As a result, the 675LT can squeeze a diabolical 666 hp and 516 lb.-ft. of torque from its 3.8-liter twin-turbo V6, with that power routed through a seven-speed SSG (sequential shift gearbox) automatic transmission for optimum performance—as well as a terminal velocity north of 204 mph and 0-60 runs south of 2.9 seconds.
Photo by Newspress USA
After years dedicated to supporting the Mercedes-Benz lineup, the AMG performance-engineering division has begun designing its own vehicles from the ground up, including one of the hottest New Sports Cars to hit the pavement this year: the 2016 Mercedes-AMG GT.
The successor to the SLS AMG has, sadly, done away with the former model’s gull-wing doors, but the GT does do some serious bar-raising in all other departments—including the most important ones: Motivated by 4.0-liter bi-turbo V8 engine, the potent GT S, out in April, is up to 503 hp and 479 lb.-ft. of torque, with a 0-60 time that has shrunk to 3.7 seconds; the standard GT, coming later this spring and limited to a mere 456 hp and 443 lb.-ft. of torque, is two ticks slower to 60, but will no doubt be less expensive than the $129,900 GT S.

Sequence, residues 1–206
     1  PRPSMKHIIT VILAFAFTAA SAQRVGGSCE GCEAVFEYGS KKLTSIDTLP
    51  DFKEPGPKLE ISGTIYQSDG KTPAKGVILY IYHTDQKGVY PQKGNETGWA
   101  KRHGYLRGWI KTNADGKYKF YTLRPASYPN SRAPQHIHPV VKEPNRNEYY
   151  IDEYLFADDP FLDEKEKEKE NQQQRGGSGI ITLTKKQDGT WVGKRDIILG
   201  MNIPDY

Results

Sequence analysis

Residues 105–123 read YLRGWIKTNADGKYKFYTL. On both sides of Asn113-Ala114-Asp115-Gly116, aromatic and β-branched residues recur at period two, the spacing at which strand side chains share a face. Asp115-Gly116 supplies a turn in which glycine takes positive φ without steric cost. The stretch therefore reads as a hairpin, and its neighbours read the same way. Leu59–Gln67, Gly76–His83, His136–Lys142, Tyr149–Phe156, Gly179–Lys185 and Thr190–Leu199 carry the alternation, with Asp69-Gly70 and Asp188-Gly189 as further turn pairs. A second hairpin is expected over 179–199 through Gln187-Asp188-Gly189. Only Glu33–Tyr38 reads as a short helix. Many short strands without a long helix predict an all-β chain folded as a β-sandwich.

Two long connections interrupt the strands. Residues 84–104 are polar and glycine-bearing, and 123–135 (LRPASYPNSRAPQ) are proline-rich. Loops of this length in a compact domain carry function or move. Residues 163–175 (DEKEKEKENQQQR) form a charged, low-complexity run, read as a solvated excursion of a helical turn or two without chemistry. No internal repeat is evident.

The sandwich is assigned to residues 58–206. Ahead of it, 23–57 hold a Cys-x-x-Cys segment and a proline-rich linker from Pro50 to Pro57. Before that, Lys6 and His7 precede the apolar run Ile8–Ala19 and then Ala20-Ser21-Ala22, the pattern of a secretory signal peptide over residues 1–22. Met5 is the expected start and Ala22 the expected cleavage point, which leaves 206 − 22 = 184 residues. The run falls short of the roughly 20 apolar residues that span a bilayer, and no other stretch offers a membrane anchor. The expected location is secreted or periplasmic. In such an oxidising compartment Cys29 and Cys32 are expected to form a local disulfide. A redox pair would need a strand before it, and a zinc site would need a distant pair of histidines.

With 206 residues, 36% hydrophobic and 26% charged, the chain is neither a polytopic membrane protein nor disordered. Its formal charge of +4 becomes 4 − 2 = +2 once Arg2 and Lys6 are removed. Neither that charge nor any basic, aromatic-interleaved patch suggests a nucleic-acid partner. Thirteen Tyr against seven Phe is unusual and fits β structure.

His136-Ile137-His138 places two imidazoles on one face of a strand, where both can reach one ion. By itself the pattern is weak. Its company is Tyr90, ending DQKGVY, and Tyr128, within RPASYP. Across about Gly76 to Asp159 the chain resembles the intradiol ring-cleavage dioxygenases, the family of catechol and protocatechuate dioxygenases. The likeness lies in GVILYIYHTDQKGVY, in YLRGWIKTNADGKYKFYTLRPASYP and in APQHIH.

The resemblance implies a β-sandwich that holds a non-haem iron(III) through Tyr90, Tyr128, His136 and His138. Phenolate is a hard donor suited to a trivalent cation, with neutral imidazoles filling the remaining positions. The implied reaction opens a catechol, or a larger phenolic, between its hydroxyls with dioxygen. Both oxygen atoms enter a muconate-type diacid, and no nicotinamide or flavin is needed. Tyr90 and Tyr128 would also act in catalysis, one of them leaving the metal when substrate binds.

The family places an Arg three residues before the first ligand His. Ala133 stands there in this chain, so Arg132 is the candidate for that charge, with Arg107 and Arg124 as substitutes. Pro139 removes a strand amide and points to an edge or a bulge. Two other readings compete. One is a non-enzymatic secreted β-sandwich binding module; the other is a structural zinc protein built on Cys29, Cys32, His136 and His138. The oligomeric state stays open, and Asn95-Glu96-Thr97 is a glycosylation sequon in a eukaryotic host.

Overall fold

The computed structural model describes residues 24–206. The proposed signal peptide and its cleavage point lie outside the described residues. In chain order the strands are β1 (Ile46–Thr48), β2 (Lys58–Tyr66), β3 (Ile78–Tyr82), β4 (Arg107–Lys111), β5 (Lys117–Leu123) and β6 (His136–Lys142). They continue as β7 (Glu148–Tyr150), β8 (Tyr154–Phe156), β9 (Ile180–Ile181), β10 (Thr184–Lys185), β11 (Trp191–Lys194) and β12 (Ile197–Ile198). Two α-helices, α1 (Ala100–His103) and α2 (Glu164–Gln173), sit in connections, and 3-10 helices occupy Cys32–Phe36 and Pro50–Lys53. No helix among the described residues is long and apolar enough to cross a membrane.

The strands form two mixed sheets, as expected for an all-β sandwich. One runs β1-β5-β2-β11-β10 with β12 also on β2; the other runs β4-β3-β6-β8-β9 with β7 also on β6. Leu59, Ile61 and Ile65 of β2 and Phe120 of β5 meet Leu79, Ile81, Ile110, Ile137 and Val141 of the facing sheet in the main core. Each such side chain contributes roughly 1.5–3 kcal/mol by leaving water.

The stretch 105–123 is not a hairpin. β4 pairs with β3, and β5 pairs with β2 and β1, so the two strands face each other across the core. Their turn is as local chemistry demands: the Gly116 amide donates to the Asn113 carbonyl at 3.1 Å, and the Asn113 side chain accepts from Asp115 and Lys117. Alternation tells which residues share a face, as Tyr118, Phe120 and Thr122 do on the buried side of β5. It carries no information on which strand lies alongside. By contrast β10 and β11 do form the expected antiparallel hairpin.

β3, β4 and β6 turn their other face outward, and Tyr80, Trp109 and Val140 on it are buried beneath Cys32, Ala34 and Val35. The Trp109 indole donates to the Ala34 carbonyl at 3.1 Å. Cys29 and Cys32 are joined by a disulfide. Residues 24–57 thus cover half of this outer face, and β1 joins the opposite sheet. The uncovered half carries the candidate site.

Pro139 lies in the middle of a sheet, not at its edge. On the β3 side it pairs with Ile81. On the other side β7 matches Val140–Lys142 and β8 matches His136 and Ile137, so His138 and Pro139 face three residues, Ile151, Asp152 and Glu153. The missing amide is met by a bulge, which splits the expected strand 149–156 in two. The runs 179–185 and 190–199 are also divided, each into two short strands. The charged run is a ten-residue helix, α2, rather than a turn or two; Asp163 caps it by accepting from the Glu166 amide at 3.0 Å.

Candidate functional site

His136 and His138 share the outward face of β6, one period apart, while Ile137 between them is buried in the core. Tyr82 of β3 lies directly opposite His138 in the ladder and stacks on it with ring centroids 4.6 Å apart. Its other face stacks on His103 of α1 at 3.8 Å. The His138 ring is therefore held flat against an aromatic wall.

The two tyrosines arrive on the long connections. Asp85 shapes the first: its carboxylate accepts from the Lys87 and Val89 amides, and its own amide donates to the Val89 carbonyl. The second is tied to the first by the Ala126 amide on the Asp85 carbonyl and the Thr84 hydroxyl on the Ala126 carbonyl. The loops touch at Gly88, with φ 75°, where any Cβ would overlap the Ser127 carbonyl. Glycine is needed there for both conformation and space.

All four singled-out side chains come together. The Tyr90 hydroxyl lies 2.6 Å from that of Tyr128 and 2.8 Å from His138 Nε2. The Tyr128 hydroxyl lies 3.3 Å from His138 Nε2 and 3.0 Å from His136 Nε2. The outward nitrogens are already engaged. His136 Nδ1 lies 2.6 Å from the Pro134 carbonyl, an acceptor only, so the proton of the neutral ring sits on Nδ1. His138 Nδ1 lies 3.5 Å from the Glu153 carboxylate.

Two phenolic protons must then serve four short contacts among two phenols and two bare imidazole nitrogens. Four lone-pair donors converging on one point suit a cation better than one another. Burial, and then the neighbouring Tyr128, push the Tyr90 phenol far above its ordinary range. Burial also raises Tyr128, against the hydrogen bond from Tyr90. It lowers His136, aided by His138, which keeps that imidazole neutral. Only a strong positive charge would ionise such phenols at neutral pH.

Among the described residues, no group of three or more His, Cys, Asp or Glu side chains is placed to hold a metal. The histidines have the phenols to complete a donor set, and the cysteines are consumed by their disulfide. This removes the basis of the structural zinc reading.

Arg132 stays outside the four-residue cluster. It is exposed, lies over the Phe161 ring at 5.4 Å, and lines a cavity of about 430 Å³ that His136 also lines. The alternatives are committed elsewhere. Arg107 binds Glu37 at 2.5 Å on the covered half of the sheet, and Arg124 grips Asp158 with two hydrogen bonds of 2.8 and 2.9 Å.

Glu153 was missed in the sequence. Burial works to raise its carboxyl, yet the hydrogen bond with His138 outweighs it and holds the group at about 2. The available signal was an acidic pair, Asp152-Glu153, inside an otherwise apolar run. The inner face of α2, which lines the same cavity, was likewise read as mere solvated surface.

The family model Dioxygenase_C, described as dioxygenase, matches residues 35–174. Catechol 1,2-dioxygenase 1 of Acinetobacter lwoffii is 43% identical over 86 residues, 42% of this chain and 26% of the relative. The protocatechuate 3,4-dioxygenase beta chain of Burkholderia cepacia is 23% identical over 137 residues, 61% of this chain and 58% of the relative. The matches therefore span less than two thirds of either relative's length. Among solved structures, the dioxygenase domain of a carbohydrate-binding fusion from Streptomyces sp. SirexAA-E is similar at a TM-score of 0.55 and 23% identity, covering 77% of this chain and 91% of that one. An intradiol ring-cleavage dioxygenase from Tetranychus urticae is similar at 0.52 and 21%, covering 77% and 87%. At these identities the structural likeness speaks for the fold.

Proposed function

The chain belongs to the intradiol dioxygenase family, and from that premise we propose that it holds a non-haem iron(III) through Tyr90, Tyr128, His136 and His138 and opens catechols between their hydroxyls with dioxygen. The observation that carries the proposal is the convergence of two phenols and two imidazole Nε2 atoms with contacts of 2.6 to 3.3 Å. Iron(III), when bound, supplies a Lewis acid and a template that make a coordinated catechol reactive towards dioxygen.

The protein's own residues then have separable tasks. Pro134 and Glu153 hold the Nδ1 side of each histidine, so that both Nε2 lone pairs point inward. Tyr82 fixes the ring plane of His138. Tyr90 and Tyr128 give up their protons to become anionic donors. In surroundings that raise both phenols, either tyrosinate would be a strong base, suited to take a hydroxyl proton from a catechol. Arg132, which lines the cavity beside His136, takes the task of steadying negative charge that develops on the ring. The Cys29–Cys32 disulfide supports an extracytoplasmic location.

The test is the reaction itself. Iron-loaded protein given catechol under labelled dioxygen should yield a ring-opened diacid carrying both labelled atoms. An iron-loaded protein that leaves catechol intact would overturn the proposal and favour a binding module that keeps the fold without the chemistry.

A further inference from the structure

Photo by Mercedes-Benz
The ongoing horsepower renaissance has raised even Godzilla from his sleep, as Nissan’s NISMO performance partners have propelled the 2015 GT-R to a particularly prominent place in Autobytel’s New Sports Cars portfolio.
Well, that propulsion actually comes from a 3.8-liter twin-turbo V6, but engineers have extricated another 55 hp and 18 lb.-ft. of torque from its heart, which now pumps out 600 hp and 481 lb.-ft. of torque. Yet NISMO-fication means more than just increased power; it also brings a comprehensive suspension retuning, a unique carbon-fiber aero kit, a NISMO racing-style steering wheel, and front bucket seats from Recaro.
Further, for what it’s worth, a “time-attack” GT-R based on these specs was used for development at the notorious Nurburgring racetrack, where it set a “volume production car” record with a lap of 7:08.679.
While a number of our New Sports Cars can match up pretty well against the current Porsche 911, the icon itself has been booted from the list by one of its own brand-mates. That would be the mid-engined 2015 Porsche Cayman GT4, especially since the new range-topping Cayman is officially quicker, more powerful and less expensive than the entry point to the 911 lineup.
The tale of the tape here includes a 3.8-liter flat six-cylinder engine that makes 385 hp and 309 lb.-ft. of torque, along with a 0-60 sprint time of 4.2 seconds and a top track speed of 183 mph—and a Nürburging lap time of 7:40 that exactly matches the 2011 performance of a 911 GT3.
Also notable: Those numbers are with a six-speed manual transmission that is the only choice on the Cayman GT4.
Photo by Volkswagen of America